Roosevelt Collier is one of the most sought after sacred steel players in the game. He is often listed as an “Artist-At-Large” on dozens of festival lineups throughout the year, playing with all the bands and artists looking to add that soulful steel sound that he graces the stage with. “I really didn’t think of myself as being sought after. When it comes to jamming with others, I just really enjoy making music with people,” Collier explains, “I enjoy the possibilities of what could happen at any given moment.”Collier is also a Jimi Hendrix aficionado, having performed the material of the guitar god time and time again. He will once again do so this Friday night, February 24th when he, along with Dopapod’s Rob Compa (guitar) and Chuck Jones (bass), and TAUK’s Isaac Teel (drums), perform a special tribute to Hendrix’s Band of Gypsy’s-era material at American Beauty in New York City (purchase tickets here).We decided to take a look at some memorable collaborations from Collier’s career, and it is like a “Who’s Who” of incredible artists. A cover of “Little Wing” with none other than Oteil Burbridge, Kofi Burbridge, Jeff Sipe, and Count M’Butu? Yeah, that happened. Rocking out to “Voodoo Child” with Warren Haynes in Miami at a late-night show, or sitting in with Anders Osborne on The Band‘s “When I Paint My Masterpiece.” Then there was that time at Bear Creek in 2012 when he joined Skerik and Mike Dillon’s Dead Kenny G’s project, along with George Porter Jr. and Billy Martin. Or rocking out to JJ Cale’s “Ride Me High” with Widespread Panic and Bobby Lee Rodgers in 2013.There is a reason Roosevelt Collier is one of the most respected musicians in the scene today. Last year on Jam Cruise, he hosted his own super jam on the main stage, which brought out a laundry list of artists that include Paul Hoffman and Anders Beck of Greensky Bluegrass, Eric Krasno, Snarky Puppy, Dumpstaphunk, Fred Wesley, Ron Holloway, Nigel Hall, Eric McFadden, Todd Stoops and many more. And then, just last week, there was the performance of “Spanish Castle Magic” from the legend’s 1967 Axis: Bold As Love album. Take a look at a few of these aforementioned performances below.[courtesy of Barry2theB][courtesy of CHeeseHeaDPRoDuCTioNS][courtesy of FunkItBlog][courtesy of CHeeseHeaDPRoDuCTioNS][courtesy of Mountain Jam Festival][courtesy of FunkItBlog]Tickets for Roosevelt Collier’s Band of Gypsy’s Tribute are currently on-sale and can be purchased here. Local NYC jammers Dorsia will be providing support for the performance. For show updates and additional information, check out the Facebook Event page.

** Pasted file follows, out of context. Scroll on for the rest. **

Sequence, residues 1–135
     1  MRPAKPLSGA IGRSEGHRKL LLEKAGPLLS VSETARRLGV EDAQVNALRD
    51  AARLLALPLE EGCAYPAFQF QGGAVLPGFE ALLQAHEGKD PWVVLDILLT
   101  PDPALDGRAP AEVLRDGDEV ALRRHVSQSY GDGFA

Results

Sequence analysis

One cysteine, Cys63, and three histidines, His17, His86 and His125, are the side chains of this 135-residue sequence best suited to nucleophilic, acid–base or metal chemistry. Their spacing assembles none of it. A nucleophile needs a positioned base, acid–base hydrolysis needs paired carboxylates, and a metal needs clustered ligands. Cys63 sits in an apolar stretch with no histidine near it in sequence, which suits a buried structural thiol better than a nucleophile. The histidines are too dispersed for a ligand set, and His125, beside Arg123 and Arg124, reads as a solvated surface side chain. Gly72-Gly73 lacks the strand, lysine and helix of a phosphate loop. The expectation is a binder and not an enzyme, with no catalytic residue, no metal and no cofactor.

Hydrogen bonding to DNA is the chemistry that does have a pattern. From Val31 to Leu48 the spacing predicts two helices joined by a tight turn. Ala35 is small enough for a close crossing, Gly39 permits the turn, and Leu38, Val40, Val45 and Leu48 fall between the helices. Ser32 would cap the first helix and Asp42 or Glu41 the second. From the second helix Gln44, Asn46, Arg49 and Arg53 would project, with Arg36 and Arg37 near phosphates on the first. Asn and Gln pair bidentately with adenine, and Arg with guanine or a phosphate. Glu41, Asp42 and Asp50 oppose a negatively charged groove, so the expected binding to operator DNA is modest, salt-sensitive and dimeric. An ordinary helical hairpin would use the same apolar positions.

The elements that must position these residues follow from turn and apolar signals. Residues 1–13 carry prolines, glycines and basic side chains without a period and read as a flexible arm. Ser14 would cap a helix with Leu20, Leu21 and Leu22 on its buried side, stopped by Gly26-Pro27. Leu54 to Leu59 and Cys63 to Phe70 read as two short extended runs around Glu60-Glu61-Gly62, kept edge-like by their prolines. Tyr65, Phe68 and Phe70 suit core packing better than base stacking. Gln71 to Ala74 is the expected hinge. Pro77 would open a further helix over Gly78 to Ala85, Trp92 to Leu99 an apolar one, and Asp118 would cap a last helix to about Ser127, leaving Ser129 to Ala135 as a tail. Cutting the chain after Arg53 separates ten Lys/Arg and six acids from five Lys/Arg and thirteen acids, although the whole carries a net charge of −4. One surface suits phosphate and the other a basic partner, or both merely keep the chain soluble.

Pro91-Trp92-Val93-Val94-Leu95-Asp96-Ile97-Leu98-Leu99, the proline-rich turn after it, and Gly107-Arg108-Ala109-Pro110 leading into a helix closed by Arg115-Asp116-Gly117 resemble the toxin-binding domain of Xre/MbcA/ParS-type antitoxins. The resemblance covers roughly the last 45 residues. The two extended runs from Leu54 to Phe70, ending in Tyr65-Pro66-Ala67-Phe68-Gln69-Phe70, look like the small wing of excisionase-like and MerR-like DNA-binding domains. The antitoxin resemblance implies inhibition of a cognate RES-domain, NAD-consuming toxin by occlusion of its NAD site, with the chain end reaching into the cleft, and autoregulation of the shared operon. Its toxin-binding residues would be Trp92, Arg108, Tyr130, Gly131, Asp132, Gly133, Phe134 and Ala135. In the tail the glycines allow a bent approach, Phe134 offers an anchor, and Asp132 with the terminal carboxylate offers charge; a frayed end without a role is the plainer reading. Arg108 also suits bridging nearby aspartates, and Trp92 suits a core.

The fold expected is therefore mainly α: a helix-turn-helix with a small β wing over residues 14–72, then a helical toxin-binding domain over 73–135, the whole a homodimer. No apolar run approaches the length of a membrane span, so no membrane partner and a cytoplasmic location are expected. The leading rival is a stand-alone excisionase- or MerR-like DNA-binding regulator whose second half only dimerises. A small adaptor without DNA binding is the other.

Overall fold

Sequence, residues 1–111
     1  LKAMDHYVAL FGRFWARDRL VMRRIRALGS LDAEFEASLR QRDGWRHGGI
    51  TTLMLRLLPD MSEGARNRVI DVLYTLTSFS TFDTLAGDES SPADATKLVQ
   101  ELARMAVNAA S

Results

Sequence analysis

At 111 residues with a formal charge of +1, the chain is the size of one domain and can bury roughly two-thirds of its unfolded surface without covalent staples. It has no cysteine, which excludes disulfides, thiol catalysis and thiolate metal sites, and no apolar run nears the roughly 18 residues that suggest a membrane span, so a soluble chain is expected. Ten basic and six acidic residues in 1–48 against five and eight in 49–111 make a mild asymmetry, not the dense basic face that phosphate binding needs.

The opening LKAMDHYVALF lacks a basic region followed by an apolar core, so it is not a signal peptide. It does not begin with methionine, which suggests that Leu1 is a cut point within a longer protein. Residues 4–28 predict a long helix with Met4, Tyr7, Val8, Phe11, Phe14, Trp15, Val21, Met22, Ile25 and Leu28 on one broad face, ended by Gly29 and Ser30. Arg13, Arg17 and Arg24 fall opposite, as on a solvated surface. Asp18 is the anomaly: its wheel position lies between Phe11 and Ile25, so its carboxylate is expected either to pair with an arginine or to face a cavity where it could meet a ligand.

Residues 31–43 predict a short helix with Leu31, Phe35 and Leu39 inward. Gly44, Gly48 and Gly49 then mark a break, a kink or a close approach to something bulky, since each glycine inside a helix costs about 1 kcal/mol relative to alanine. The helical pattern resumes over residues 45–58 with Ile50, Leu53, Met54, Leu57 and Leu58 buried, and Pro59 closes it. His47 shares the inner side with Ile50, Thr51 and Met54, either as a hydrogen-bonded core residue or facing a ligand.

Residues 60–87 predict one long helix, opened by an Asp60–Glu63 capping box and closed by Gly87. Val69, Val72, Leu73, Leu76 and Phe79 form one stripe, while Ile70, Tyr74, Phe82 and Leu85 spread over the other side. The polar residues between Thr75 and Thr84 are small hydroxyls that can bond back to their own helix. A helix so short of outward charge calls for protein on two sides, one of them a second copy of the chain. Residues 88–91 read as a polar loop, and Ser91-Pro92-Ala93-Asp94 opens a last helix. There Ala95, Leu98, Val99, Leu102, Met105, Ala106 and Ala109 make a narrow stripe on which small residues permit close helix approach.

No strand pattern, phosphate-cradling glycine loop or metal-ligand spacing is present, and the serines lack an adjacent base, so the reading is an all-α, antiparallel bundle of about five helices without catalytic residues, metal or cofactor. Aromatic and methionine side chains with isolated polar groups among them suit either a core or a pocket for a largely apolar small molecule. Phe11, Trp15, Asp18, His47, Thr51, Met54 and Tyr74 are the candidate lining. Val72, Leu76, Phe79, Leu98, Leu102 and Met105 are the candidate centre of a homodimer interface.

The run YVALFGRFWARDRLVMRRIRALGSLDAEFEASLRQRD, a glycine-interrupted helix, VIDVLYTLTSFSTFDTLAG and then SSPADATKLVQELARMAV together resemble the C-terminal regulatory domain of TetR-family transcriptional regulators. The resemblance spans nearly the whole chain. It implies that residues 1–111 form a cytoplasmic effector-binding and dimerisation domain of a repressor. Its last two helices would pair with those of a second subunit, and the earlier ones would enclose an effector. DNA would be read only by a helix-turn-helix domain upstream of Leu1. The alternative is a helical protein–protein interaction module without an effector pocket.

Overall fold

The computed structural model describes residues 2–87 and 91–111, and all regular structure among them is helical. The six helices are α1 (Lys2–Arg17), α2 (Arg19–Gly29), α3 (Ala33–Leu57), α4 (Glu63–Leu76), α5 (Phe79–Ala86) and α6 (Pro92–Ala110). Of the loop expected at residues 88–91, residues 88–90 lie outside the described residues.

Samantha Barks came to worldwide attention as Eponine in the film of Les Miserables but has an extensive list of stage credits including Les Miz, Aladdin and City of Angels. The 26-year-old Isle of Man native can now be found in the intimate confines of the St James Theatre playing Cathy opposite Jonathan Bailey’s Jamie in The Last Five Years, the Jason Robert Brown song cycle first seen off-Broadway in 2002. Barks took time during rehearsals to talk about fulfilling a longstanding dream.Is this a show you knew already?Did I know it? [Laughs.] I’ve been obsessed with this show basically for years! When I first heard it, I thought, “God I’d love to play this part” [of Cathy.] That was my teenage dream: I could literally sing the entire score myself.What was it like when you went to audition for Jason Robert Brown for this production?When I met him, he asked me whether I was familiar with the show, and I basically had to be as cool as possible.Why do you think you responded so intently to the piece all those years ago?It was because the songs felt like contemporary pop music to me. I was 13 or something at the time, and it was one of the first musicals I’d heard to have that contemporary sound.Weren’t you too young to know firsthand what Cathy was going through?Yes, and what’s funny is I remember my heart aching without ever having had a relationship myself. I think I just thought, “Oh, men!” as you do when you’re a teenager. I was obviously on Cathy’s side.Have your thoughts changed with time?I guess what’s interesting as you get older is that you completely see both sides of [Jamie and Cathy’s] relationship. It seems clear to me that the intention is there for them to love one another, but life directs them apart. It’s all very complex.What do you make of the structure of the show, which tells Cathy’s story in reverse?It’s so intriguing to start in the place you would normally finish, but the beauty of Jason’s writing is in the simplicity of it. And it’s a weird thing, you know, when you have a breakup and you’ve got to get to grips with all the memories, and that’s kind of how her story works. We travel back to the place where she starts to crumble.Does that mean you and [co-star] Jonathan Bailey are in different emotional places at different times?What we’ve noticed is because Cathy’s story ends at a more hopeful beginning, I step out of rehearsals every day with a spring in my step whereas Johnny, as Jamie [whose story moves forwards], comes in first thing all springy and happy and by the end, he’s in bits!What’s it like starting the show with a song as mournful as “Still Hurting”?Every beat of that song is linked so deeply to the emotion that you just have to ride it. But it’s written so beautifully that it’s not hard to go to the places [the song] asks you to go.How did it feel to be starting in on this just as you were turning 26?I just think of it as such a great birthday gift! It’s like, what would my 13 or 14-year-old self think if she knew that on my 26th birthday, I would be rehearsing with Jason Robert Brown? She wouldn’t believe me. It was as if that girl then was saying, “Oh God, I want to talk about the show all the time,” whereas I look at her and think, “but you hadn’t had a relationship!”Was it hard to arrive at the evenhandedness you now feel towards the characters?Well, I’m a woman, obviously, so you think that’s going to determine your point of view. But what I’ve come to discover about the show is that we’re not just one character or the other: it’s not just a generalized man or woman. These are complex, sensitive people who have contrasting egos the way everyone has. I’m sure most people feel at times as if they have been Cathy or Jamie.Does it feel like a competition, or, at least, a relay race?What’s interesting once you get into the flow of it is that it really isn’t “my song/your song.” It feels more like passing the baton as part of one big monologue, and I have to say the time flies by so quickly.How does it feel playing an American—or at least this American?That’s interesting because I’ve not done a New York accent, though heaven knows I do love that place. There’s such energy about it, and a buzz. Everyone’s always in such a rush. Do you recognize yourself in Cathy, who after all is also an actress?I do. I mean, I moved away from the Isle of Man to London myself so very much empathize with her moving to the big city to fulfill her dream. What happens then is that she finds herself alongside Jamie as these two very ambitious people in a place that is very right for him and not so right for her.What has been the impact of the recent Anna Kendrick/Jeremy Jordan film?The thing with the movie is that they brought it up to now whereas we’re doing the original script, which is set in 1993. But hopefully the film allows the show to reach another audience—I always think without films of some of these musicals, so many people wouldn’t know the shows at all.But doesn’t the movie make a snarky reference to Russell Crowe, your co-star in the Les Miz film?Yes, but we don’t have that in our show. We’re sticking with Linda Blair. Star Files Samantha Barks in ‘The Last Five Years'(Photo: Scott Rylander) View Comments Samantha Barks